Question Hard drives only turn off when I stop using computer

Feb 2, 2007
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#1
I use an SSD for Windows and apps but still have to use a traditional hard-drive for storage. 75% of the time I do not need to access that drive and I would love that it would start only when I access it from file explorer as my computer would be dead silent when they are off.

I turned on "Turn off hard drives after 30 minutes" but they only turn off after my display has turned off from inactivity, or when I lock my computer. They also turn on immediately after I move my mouse to wake up the screen.

In Win7 and previous windows, the hard-drives turned off after x minutes when I did not read anything from them, and turned on when I tried to browse them in the File Explorer. Has this logic changed or is there some trick to get it to work like that?

Thanks!
 

StinkyPinky

Diamond Member
Jul 6, 2002
6,371
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#2
I'm guessing you have some program that is writing to the hard drive when the PC is on.
 
Feb 2, 2007
40
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#3
There should be nothing. It's three days old win10 install and I just added the drives which have no apps or similar. I disabled indexing from windows also.
 

corkyg

Elite Member | Peripherals
Super Moderator
Mar 4, 2000
27,214
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#4
A foolproof way is to put that drive in a mobile rack, then you can physically turn it off and on with ease. Alternatively put it in an external drive case that can be turned off and on.
 

mxnerd

Diamond Member
Jul 6, 2007
4,242
115
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#5
Change your current power plan in Control Panels, Power Options, Advanced Settings

 

balloonshark

Diamond Member
Jun 5, 2008
3,375
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106
#6
I had a Windows 8.1 install that I set to turn off my data drive after x amount of minutes. I kept hearing my data drive spin up several times a day without me doing anything. I checked task manager and found a couple of different Windows processes using a disk. Then I checked my firewall and the processes were sending data to Singapore. All this started after the Windows telemetry spyware updates.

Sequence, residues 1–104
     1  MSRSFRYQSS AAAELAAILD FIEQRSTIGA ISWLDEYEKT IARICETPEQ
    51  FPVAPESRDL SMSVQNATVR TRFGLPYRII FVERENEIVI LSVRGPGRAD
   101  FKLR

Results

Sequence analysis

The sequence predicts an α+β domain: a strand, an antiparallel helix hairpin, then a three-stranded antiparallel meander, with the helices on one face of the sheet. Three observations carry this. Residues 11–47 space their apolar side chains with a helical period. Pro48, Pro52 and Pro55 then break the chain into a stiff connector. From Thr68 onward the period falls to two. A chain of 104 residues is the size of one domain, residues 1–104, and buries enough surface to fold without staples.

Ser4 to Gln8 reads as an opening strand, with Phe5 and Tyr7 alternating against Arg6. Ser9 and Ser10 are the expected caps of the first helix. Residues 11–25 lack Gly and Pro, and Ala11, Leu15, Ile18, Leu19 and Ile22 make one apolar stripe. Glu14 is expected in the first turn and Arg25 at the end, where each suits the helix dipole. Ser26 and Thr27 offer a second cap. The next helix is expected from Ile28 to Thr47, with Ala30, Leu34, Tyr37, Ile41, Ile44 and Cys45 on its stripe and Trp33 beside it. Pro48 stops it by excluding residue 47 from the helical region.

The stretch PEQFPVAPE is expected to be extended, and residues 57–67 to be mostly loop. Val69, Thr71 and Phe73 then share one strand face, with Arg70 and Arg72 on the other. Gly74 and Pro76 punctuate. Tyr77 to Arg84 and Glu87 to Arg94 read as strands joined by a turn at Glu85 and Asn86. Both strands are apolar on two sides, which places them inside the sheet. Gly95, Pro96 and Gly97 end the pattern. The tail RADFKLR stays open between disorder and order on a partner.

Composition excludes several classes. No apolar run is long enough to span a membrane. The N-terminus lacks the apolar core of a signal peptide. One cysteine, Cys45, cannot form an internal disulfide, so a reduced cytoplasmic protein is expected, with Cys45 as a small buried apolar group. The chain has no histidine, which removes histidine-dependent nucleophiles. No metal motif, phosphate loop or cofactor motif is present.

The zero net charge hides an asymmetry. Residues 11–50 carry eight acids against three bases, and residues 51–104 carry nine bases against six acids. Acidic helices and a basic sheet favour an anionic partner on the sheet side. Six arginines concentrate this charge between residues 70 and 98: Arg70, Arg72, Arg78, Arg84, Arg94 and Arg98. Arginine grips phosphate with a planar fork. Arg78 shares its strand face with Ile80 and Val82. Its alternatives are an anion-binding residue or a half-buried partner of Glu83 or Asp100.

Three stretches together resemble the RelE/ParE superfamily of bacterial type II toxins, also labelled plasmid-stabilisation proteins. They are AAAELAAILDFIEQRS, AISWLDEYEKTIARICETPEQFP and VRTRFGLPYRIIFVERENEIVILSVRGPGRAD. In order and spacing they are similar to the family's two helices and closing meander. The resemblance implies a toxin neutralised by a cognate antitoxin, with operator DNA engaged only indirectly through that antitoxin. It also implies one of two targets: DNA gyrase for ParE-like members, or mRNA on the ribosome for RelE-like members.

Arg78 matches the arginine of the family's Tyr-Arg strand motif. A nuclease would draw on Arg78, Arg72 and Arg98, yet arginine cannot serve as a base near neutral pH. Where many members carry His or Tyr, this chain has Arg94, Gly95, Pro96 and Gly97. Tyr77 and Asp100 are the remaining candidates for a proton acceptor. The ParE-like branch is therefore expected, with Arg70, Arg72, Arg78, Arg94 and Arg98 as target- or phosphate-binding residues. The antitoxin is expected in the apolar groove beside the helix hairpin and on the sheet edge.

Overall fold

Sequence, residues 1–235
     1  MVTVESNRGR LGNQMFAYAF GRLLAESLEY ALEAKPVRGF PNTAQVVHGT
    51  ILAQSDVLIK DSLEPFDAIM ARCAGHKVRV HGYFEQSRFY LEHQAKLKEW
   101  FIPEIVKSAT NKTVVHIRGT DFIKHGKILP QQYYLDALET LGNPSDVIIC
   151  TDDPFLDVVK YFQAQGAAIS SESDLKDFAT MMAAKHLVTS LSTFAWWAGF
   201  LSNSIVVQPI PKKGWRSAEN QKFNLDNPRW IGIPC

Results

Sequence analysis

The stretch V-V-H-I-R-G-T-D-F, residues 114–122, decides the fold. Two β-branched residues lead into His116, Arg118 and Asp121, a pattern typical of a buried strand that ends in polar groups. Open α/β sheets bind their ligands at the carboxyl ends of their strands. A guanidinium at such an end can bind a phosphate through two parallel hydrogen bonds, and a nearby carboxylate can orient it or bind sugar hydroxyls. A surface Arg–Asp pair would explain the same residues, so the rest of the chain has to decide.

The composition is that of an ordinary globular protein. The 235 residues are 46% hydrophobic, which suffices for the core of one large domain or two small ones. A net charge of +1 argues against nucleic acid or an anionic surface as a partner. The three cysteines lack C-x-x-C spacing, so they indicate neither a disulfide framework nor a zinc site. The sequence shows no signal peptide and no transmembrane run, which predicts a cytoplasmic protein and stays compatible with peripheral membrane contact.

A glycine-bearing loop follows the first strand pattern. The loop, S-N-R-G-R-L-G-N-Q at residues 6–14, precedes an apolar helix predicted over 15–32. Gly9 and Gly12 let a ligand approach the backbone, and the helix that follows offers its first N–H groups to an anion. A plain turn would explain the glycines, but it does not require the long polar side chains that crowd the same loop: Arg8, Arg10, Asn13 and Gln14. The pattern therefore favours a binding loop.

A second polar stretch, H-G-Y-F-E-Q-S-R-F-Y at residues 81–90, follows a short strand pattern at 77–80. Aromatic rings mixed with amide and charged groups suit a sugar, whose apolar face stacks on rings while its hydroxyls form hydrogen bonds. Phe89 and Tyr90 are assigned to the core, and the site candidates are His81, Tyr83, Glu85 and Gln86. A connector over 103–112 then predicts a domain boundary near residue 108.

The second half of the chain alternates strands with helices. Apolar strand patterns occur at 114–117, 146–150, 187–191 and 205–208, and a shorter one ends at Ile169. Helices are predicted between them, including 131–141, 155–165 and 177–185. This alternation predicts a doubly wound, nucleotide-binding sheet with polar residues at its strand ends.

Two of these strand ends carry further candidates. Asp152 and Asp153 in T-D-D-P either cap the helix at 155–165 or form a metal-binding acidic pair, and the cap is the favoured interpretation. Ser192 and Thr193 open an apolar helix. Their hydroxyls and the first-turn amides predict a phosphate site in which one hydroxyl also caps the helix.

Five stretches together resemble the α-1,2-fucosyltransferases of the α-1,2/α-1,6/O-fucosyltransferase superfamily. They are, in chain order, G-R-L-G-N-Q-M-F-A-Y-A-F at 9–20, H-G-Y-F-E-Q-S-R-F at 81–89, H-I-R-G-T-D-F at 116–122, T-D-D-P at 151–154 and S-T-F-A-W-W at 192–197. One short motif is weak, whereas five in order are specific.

Not saying this is your problem but it's worth looking into.
 
Feb 2, 2007
40
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66
#7
A foolproof way is to put that drive in a mobile rack, then you can physically turn it off and on with ease. Alternatively put it in an external drive case that can be turned off and on.
I would prefer to keep them in the computer and get this to work. Otherwise it's just too much effort.

Change your current power plan in Control Panels, Power Options, Advanced Settings
That's where I changed the option. As this is a desktop, I don't have those on battery / plugged in options.
 

C1

Platinum Member
Feb 21, 2008
2,182
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#8
Based on some net searching, this issue seems to turn up (when it does) with those who have "upgraded" to Windows 10 from typically Windows 7.

Some successful solutions reported include ensuring that the affected drive is set to AHCI in the BIOS (versus IDE) as well as use of the HDPARAM tool (for Windows) to disable the hard disk's advanced power management (APM level setting).
 
Feb 2, 2007
40
0
66
#9
Based on some net searching, this issue seems to turn up (when it does) with those who have "upgraded" to Windows 10 from typically Windows 7.

Some successful solutions reported include ensuring that the affected drive is set to AHCI in the BIOS (versus IDE) as well as use of the HDPARAM tool (for Windows) to disable the hard disk's advanced power management (APM level setting).
Thanks for the reply! I did a clean install from usb-stick straight to W10 64x.

I checked that all the drives are in AHCI mode in bios. I guess I could give that HDPARAM tool a try.
 
Feb 2, 2007
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#10
Okay this might be all my stupidity, but I did not realize that I had to switch from "Balanced" to "High performance" power plan, even when I had the "Turn off the hard disks after.." enabled on the Balanced mode!

Now with the High Performance enabled (with the exact same settings as in balanced), the hard-drives seem to turn off while using the computer and do not wake up until I access the drives! Yey! Thank you everyone and sorry if this was something I should have known!
 

C1

Platinum Member
Feb 21, 2008
2,182
11
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#11
More than ever, this sounds like a "bug" in Windows10.

The fact that there is an option for specifying the period for HDD "turn off" plus the concept or notion of "balanced power plan" imply that Microsoft has missed something in the Win 10 OS version.

Why would a balanced power plan not spin down an unaccessed HDD to save power?

The description of the "high performance power plan" predominantly involves running the CPU at full power. Having to be locked in to the "high performance" option in order to attain spin down of an unaccessed HDD doesnt make sense, at least to me.

In addition, this isnt the way things worked in earlier OS versions, so all-in-all this is a "bug" to me.

Besides, there are enough similar complaints seen on the networks regarding this matter from users who have upgraded their systems to the Windows 10.
 

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